Second Circuit Agrees: Louis Vuitton Can’t Take a Joke

Posted in Branding, Copyrights, Dilution, Fair Use, Famous Marks, Fashion, First Amendment, Infringement, Law Suits, Trademark Bullying

If you’re still looking for holiday gift for that special someone, the Second Circuit has your back. Fresh off the docket, the Second Circuit gave its blessing to My Other Bag’s line of parody canvas tote bags. For additional background, you can read our discussion of the District Court’s grant of summary judgment to the… Continue Reading

Trademark Scam Results in More than $600,000 in Refunds in New Zealand

Posted in USPTO

The records of applications and registrations at the U.S. Patent and Trademark Office are publicly available, allowing individuals and companies to evaluate the registered trademark rights of third-parties. Unfortunately, these same records are also accessible by individuals for more sinister purposes, including sending “invoices” to applicants that appear to be official requests for required payments…. Continue Reading

A Handy List of Star Wars References that Might Get You Sued

Posted in Almost Advice, Dilution, Fair Use, Famous Marks, Infringement, Trademarks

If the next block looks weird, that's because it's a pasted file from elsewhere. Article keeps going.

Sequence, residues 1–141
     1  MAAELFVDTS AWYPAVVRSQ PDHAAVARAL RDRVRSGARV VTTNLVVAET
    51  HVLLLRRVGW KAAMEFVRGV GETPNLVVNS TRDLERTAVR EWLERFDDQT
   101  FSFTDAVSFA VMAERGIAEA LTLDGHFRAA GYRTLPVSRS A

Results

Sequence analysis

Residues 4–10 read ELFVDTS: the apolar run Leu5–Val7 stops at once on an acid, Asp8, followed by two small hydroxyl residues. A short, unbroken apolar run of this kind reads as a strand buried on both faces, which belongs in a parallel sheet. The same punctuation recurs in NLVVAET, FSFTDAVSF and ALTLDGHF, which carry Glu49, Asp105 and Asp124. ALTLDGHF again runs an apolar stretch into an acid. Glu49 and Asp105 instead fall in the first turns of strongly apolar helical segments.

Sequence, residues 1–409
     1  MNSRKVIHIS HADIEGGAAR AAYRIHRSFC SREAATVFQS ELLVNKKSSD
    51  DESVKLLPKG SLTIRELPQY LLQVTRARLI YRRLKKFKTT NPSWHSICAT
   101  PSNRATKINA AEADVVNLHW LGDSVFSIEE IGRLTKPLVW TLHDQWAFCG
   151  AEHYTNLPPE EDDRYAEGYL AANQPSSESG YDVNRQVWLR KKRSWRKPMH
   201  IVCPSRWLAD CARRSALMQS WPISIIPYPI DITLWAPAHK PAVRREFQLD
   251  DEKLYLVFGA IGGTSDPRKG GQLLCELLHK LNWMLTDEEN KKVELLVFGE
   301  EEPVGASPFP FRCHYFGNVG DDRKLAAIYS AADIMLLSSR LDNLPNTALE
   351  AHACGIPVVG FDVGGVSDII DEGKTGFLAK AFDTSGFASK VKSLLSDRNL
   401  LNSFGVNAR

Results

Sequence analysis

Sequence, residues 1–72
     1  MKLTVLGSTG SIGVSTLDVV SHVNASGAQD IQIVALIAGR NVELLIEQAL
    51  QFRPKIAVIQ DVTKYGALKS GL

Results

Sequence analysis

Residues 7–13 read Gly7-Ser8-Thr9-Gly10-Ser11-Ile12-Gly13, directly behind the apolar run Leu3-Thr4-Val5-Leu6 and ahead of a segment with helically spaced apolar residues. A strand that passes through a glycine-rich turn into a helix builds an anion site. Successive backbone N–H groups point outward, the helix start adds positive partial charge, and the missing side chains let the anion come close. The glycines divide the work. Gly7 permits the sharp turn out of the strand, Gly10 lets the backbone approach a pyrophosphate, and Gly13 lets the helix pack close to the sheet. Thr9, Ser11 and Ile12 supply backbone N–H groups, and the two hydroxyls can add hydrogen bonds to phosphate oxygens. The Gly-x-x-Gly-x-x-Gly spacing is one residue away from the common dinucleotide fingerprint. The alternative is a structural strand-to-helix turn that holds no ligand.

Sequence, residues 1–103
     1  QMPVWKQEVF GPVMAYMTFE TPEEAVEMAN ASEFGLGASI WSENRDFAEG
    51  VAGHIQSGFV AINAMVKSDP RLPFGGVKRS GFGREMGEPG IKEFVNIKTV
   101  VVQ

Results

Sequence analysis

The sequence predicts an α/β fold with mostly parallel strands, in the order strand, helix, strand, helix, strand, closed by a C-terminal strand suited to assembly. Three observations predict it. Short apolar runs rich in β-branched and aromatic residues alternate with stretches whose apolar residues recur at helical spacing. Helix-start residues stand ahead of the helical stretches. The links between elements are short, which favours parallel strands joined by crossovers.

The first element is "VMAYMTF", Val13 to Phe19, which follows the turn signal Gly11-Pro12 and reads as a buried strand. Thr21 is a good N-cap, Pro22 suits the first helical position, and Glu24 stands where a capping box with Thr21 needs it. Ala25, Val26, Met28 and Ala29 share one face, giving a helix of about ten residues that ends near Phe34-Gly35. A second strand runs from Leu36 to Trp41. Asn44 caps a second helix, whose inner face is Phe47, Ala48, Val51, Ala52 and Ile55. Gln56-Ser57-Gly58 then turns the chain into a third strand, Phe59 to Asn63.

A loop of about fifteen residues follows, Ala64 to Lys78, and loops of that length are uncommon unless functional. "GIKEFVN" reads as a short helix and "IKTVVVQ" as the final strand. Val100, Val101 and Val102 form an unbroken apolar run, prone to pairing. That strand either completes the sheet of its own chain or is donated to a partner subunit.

With its purchase of Lucasfilms and the Star Wars franchise, Disney did not wait long to begin exploiting the works. Episode VII: The Force Awakens was released on Dec. 18, 2015 and grossed more than $2 billion at the box office. At the risk of stating the obvious, that’s a lot of money. More is… Continue Reading

Austin’s SXSW Festival Wins Trademark “Fight” with the Australian Labor Party

Posted in Articles, Branding, Fair Use, Famous Marks, Goodwill, Infringement, International

Austin, Texas is well-known for its food, music scene, and of course its University of Texas Longhorns. The exclamation point on Austin’s notoriety though is the annual South by Southwest (a.k.a. SXSW) festival. Since its first year in 1987, the festival has grown into one of the largest music festivals in the world and, in… Continue Reading

The RedBox Mark Has Gone to Waste and 3 Quick Lessons to Learn

Posted in Dilution, Famous Marks, Infringement, Loss of Rights, Trademarks

The RedBox brand continues to dominate the movie rental market. For the uninitiated, RedBox is a brand of movie and video game rental vending machines placed in convenient locations like grocery stores, gas stations, and fast food lobbies, like the one below: However RedBox’s commercial success hasn’t stopped the brand from going to waste –… Continue Reading

Is the US Olympic Committee’s #TwitterBan Fair or Foul?

Posted in Fair Use, First Amendment, Trademark Bullying

The 2016 Summer Olympics will officially* begin in eight days. Yet the U.S. Olympic Committee’s (USOC) efforts to enforce the Olympic trademarks are truly an eternal battle. While the USOC has a reputation for aggressively enforcing its trademark rights, the USOC seems to have set a new personal record for aggressive tactics, attempting to enforce… Continue Reading